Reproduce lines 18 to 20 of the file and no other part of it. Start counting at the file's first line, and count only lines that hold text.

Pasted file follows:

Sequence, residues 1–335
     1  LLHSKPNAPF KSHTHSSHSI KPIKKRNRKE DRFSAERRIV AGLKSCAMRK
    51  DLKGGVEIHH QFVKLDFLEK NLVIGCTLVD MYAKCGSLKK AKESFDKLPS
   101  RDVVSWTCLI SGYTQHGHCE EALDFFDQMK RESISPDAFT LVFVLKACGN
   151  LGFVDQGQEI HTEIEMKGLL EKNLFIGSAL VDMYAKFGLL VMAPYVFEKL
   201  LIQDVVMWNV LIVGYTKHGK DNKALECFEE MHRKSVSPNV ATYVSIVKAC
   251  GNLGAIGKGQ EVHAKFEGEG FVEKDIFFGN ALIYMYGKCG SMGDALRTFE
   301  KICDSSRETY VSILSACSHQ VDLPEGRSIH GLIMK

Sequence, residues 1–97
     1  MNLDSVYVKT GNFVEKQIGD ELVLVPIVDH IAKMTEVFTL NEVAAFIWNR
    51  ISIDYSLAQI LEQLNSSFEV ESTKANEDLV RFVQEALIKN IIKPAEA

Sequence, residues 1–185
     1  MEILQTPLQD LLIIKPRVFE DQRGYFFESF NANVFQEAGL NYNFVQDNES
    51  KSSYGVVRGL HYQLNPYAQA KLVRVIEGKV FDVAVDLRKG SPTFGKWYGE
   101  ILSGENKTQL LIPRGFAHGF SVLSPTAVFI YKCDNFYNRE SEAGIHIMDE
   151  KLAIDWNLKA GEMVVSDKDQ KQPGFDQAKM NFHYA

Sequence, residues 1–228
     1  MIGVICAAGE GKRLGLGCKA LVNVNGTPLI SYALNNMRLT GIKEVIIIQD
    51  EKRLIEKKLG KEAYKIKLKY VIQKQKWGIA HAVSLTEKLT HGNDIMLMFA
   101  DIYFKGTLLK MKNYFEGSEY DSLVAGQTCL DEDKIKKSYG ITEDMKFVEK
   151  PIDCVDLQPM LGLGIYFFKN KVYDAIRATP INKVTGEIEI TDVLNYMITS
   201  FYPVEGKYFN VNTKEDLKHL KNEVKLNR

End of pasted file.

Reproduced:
     1  MIGVICAAGE GKRLGLGCKA LVNVNGTPLI SYALNNMRLT GIKEVIIIQD
    51  EKRLIEKKLG KEAYKIKLKY VIQKQKWGIA HAVSLTEKLT HGNDIMLMFA
   101  DIYFKGTLLK MKNYFEGSEY DSLVAGQTCL DEDKIKKSYG ITEDMKFVEK